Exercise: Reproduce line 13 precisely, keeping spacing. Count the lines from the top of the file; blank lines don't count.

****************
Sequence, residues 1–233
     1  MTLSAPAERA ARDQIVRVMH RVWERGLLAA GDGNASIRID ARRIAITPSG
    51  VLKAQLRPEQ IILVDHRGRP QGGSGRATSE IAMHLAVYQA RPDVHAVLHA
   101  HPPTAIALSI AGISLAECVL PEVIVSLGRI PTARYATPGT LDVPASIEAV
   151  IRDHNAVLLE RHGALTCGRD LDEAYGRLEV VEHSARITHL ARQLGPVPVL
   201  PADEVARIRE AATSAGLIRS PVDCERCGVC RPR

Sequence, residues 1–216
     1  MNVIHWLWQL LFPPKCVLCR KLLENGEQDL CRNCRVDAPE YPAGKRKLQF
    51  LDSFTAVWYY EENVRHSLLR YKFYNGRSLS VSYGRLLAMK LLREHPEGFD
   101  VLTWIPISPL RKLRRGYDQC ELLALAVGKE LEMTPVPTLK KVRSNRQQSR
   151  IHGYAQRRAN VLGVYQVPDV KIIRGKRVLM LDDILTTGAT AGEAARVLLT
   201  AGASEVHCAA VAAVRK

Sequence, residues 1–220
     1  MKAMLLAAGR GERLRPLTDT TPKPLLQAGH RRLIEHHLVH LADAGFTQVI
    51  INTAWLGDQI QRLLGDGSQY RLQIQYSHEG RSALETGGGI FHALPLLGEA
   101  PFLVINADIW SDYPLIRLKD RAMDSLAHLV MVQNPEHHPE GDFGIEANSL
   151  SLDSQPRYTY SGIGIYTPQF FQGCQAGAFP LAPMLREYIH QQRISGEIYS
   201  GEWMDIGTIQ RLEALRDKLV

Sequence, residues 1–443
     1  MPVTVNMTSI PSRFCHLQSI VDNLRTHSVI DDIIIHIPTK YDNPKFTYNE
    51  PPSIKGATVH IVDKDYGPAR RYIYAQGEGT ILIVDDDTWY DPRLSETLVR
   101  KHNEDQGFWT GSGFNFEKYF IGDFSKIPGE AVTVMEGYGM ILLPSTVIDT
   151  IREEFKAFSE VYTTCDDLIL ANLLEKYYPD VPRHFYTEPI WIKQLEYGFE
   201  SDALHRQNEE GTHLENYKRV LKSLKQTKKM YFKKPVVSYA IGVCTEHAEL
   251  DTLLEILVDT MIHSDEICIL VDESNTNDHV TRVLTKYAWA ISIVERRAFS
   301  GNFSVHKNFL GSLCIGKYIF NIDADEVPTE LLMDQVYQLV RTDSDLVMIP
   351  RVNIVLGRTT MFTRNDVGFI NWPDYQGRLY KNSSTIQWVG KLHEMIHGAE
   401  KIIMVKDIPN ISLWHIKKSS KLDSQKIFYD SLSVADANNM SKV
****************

Sequence, residues 1–220